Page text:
Public and private contractors running immigration jails violated federal detention standards thousands of times in recent years — including failing to report allegations of sexual assaults and staff misconduct to U.S. Immigration and Customs Enforcement — but were fined only twice, according to a report issued Friday.
The Department of Homeland Security’s inspector general called on ICE to improve oversight of facilities that detain roughly half the 45,000 immigrant detainees held every day across the United States, and to do a better job holding federal contractors accountable for their health and safety.
ICE defended its oversight in a letter to the inspector general that was included in the report and said generally it can terminate contracts or relocate immigrants if it believes facilities are unsafe.
ICE documented 14,003 violations from Oct. 1, 2015, through June 30 at 106 facilities nationwide, the report said. The fines assessed by the agency amounted to $3.9 million, or 0.13 percent of the more than $3 billion ICE paid to the contractors during that period.
One facility was fined after “a pattern of repeat deficiencies over a 3-year period, primarily related to health care and mental health standards,” the report said. Another fine followed a Labor Department order against the facility for failing to pay proper wages.
In other cases, the inspector general found, immigration officials granted waivers allowing some contractors to bypass detention standards or avoid punishment for violations. From September 2016 through July, 65 waivers were approved — most for indefinite time periods.
One waiver authorized a facility to use CS gas, or tear gas, even though it is 10 times as toxic as pepper spray.
Another allowed a facility to house detainees who had serious criminal records along with others who had minor records or only immigration violations, a practice that is normally prohibited “to protect detainees who may be at risk of victimization or assault.”
The inspector general said immigration officials lacked formal policies to oversee waivers and that some officials “without clear authority” were granting them.
“Key officials admitted there are no policies, procedures, guidance documents, or instructions to explain how to review waiver requests,” the report said.
The inspector general issued recommendations urging ICE to shore up its oversight of detention facilities and ensure paperwork is included in contracts that will make clear when the agency should impose penalties on contractors that fail to follow federal rules.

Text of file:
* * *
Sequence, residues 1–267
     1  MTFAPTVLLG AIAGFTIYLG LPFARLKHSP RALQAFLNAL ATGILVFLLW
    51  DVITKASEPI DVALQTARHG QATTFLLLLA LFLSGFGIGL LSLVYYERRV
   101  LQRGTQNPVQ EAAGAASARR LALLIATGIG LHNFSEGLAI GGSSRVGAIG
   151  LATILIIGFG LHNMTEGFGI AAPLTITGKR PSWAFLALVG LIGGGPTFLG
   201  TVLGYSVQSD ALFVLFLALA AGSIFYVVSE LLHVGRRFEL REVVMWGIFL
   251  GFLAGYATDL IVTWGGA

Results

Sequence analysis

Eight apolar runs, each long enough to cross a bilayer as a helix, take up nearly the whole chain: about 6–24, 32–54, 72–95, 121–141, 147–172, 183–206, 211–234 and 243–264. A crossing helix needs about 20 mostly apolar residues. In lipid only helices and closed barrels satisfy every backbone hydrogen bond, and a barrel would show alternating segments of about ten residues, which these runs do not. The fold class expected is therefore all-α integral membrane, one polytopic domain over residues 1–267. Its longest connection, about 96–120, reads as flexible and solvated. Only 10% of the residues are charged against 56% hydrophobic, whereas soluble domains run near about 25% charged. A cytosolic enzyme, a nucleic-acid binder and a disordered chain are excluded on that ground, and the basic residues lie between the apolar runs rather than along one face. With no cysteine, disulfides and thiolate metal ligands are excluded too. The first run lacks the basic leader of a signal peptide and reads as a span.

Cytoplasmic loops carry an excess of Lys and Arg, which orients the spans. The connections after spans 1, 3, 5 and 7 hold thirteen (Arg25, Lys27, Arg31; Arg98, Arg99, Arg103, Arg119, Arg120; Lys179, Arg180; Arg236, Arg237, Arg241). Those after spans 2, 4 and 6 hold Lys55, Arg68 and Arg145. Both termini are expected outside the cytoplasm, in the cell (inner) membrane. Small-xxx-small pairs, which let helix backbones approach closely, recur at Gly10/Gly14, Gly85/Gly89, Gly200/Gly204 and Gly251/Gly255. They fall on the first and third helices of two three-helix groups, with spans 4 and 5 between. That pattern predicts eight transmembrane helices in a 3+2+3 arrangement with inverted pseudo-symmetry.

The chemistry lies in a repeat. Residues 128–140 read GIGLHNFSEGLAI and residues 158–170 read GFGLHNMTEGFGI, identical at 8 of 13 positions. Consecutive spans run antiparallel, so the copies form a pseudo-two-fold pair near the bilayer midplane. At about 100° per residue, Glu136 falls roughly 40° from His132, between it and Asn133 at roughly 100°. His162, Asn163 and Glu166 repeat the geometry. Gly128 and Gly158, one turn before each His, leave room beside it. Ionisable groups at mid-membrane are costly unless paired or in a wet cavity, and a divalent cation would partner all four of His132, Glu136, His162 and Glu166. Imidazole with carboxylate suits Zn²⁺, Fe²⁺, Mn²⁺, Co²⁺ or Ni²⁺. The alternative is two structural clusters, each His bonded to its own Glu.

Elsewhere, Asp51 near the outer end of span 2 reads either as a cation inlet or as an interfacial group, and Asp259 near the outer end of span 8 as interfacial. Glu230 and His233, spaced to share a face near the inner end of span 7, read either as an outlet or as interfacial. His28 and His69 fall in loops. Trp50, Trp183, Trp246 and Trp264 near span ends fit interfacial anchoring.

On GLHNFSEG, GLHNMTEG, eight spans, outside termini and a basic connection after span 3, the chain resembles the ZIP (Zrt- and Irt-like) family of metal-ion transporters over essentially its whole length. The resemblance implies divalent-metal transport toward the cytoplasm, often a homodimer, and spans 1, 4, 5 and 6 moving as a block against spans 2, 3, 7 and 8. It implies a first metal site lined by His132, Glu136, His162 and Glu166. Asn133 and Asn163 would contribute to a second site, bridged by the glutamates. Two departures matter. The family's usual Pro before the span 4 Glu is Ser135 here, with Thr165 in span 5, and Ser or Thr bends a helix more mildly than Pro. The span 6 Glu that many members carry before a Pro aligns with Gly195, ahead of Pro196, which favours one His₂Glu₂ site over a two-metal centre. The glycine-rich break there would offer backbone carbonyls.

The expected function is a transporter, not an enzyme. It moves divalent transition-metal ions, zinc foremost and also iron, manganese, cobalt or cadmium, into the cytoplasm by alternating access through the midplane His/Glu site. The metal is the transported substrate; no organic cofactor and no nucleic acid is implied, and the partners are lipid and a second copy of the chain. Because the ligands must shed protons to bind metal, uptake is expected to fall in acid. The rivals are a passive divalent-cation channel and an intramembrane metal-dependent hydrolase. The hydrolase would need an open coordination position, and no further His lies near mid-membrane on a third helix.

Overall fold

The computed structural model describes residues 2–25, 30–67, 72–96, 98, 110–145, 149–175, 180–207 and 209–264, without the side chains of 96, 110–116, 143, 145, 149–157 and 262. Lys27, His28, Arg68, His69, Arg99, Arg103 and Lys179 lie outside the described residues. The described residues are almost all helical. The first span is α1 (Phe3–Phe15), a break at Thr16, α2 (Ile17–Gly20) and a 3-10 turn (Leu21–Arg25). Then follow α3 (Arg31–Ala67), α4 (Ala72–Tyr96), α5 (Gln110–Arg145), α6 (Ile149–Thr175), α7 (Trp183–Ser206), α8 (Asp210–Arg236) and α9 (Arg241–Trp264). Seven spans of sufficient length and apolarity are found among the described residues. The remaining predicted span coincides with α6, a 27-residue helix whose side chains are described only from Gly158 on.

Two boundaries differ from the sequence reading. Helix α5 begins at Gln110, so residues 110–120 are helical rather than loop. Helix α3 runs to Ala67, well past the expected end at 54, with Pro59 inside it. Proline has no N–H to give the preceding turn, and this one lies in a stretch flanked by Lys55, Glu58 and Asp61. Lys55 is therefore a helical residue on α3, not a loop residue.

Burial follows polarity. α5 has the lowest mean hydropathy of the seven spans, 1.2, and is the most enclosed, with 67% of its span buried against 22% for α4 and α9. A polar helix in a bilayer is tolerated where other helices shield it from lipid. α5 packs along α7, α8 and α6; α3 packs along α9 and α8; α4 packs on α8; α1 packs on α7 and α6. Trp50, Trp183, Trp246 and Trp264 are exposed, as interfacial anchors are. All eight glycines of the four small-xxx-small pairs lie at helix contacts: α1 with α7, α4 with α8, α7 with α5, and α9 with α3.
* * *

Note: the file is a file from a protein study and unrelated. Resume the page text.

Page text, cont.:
In a letter to the inspector general that was included in the report, ICE agreed to make improvements but countered that it has taken strong steps in the past to safeguard immigrant health and safety, even shutting down some facilities because of violations.
“ICE has a strong record of holding detention facilities accountable when deficiencies are identified,” spokesman Matthew Bourke said in a statement.
He said the waiver process in the inspector general’s report is a “rarely used mechanism.”
The report comes as the White House and Congress are preparing for a heated battle over detention funding, building a wall on the southern border and other aspects of President Trump’s immigration crackdown. This week, Democratic lawmakers unveiled a proposal to “significantly” reduce ICE detention beds, require more detention facility inspections, and limit ICE’s leeway to detain more immigrants than Congress allows.
As of Jan. 26, the agency was detaining an average of 45,670 immigrants a day this fiscal year, which is about 5,000 more than Congress has authorized in the budget.
The 106 facilities in the report housed an average of 25,000 immigrants a day as of fiscal year 2017. They are under ICE’s direct oversight. About 100 other facilities are run by the U.S. Marshals Service and are not included in the report.
ICE contractors are required to comply with detention standards that outline their responsibilities, the services they must provide to immigrants and what each facility must do to provide a “safe and secure detention environment for staff and detainees,” the report said.